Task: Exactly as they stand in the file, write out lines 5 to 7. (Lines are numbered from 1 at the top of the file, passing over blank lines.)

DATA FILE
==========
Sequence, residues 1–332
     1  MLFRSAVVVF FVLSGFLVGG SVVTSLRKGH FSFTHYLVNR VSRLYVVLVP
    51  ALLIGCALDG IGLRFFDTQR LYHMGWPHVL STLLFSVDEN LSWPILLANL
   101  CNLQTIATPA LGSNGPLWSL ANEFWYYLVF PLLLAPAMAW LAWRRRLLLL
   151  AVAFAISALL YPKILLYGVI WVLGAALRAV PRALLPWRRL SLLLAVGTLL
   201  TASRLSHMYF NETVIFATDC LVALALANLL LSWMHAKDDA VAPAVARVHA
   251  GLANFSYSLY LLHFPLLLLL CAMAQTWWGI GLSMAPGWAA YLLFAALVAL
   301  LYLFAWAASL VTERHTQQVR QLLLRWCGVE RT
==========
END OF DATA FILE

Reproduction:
   151  AVAFAISALL YPKILLYGVI WVLGAALRAV PRALLPWRRL SLLLAVGTLL
   201  TASRLSHMYF NETVIFATDC LVALALANLL LSWMHAKDDA VAPAVARVHA
   251  GLANFSYSLY LLHFPLLLLL CAMAQTWWGI GLSMAPGWAA YLLFAALVAL